July 2016

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Ferdinand Ross

I have been using an EMR for a while now and I although what you mention can have some clinical impact I am more concerned about the fact that most labs report their results using different names or coding schemes which makes extremely difficult or impossible for an EMR user to group them together in a meaningful way. I know that there are some coding standards that Canada has supposedly adopted but that are not implemented or used by labs.

Jan Fridén MD, Gothenburg, Sweden

Due to the potential risk in comparing results from different laboratories they should be presented separately, even if different reference limits are used. A practical solution is to present them in adjacent but different table rows. The results depends on calibration, reagent, instrument etc. "Standard codes" usually ignores these facts.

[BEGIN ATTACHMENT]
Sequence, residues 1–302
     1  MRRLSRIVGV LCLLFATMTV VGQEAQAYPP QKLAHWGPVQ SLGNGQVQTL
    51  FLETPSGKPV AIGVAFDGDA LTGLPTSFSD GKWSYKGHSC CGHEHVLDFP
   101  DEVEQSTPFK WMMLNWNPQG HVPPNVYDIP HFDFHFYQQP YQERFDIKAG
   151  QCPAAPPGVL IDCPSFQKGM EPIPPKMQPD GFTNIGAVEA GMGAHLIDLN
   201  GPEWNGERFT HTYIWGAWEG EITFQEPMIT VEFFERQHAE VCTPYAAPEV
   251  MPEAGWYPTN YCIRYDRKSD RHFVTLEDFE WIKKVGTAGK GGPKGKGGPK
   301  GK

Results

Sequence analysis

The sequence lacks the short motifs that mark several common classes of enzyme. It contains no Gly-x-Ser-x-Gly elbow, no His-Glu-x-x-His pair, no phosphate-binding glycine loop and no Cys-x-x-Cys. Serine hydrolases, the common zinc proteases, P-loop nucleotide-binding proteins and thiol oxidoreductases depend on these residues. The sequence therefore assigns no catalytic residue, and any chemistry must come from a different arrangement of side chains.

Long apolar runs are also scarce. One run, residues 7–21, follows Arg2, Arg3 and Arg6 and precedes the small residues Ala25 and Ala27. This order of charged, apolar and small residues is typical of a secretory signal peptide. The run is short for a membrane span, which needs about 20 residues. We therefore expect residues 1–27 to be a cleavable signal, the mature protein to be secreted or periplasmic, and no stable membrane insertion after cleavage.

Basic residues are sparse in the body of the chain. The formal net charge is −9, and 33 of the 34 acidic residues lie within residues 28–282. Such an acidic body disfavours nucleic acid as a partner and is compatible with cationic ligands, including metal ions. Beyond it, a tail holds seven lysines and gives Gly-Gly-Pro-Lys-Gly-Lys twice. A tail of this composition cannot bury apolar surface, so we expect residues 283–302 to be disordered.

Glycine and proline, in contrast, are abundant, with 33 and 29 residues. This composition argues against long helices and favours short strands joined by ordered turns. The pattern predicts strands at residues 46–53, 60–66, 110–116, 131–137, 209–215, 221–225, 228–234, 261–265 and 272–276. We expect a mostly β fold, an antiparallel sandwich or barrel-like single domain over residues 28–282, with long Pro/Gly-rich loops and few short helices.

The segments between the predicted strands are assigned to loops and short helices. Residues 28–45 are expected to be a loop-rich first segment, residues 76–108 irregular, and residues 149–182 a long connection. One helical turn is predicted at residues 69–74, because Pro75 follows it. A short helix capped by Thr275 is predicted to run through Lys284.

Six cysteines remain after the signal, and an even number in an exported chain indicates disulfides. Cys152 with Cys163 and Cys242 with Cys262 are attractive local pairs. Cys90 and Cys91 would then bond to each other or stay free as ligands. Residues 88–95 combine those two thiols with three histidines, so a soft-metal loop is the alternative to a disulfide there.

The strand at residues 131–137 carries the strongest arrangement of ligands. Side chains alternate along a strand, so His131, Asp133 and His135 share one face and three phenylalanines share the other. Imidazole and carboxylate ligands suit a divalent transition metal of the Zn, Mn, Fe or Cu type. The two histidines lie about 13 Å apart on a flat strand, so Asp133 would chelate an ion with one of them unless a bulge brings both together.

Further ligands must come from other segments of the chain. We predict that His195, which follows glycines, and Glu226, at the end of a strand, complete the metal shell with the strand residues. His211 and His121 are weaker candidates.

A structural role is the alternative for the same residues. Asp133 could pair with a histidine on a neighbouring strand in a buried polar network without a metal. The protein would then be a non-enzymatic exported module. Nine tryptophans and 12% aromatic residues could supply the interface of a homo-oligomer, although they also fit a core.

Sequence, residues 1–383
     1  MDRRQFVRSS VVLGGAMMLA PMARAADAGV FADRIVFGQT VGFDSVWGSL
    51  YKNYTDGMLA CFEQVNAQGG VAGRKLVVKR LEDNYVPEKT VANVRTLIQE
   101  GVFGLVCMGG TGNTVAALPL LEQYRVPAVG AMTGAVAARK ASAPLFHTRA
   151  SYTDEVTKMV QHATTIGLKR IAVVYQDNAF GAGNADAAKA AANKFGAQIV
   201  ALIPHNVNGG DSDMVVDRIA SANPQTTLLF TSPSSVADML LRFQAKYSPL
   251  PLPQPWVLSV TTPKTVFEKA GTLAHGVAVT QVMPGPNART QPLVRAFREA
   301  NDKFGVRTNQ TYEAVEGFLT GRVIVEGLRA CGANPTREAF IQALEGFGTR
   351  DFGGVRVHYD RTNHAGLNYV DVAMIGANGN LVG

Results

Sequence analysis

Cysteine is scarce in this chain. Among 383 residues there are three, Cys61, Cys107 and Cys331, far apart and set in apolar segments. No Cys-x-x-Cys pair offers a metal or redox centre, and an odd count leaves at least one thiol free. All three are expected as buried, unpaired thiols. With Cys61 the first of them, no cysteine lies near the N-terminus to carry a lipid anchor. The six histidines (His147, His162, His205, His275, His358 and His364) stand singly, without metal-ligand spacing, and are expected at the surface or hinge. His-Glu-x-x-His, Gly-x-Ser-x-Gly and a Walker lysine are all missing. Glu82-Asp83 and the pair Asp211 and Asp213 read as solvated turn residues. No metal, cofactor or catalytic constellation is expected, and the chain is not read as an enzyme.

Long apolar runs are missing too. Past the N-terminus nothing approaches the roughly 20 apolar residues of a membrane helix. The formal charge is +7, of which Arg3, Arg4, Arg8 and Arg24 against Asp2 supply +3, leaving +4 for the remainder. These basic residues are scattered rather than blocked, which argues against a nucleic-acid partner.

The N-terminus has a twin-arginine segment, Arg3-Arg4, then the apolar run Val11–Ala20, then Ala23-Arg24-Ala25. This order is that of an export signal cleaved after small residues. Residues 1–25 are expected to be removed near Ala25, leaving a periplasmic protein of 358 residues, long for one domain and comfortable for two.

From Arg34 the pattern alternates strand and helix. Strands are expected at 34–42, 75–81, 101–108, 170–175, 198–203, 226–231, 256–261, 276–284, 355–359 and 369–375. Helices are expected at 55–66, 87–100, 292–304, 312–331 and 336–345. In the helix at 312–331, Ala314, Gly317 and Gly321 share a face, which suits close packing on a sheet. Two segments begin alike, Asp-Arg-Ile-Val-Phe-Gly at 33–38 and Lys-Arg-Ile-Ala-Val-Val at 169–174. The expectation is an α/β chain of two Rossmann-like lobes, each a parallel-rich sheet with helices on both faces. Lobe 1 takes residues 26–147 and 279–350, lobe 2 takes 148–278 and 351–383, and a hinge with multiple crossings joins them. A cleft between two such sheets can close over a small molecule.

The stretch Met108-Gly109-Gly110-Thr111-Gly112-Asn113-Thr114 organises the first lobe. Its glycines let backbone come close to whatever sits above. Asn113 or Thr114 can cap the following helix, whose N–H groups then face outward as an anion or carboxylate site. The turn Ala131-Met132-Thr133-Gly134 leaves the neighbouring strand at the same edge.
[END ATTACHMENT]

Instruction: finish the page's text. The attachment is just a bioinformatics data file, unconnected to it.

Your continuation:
Instead of spreading results to different EMRs the information will be more consistent if the EMRs are linked to one system controlled by the delivering laboratories. The maintainance of "laboratory codes" in the EMRs will be unnecessary.

A simple solution for laboratory orders is tube labels with QR-code.

Although in swedish and not updated for years (the GUI has changed a lot) www.caredialog.com and www.labbest.com can give some hints.

LabBest, handling all types of preoders, orders and results, has been in use in Sweden for more than 10 years.

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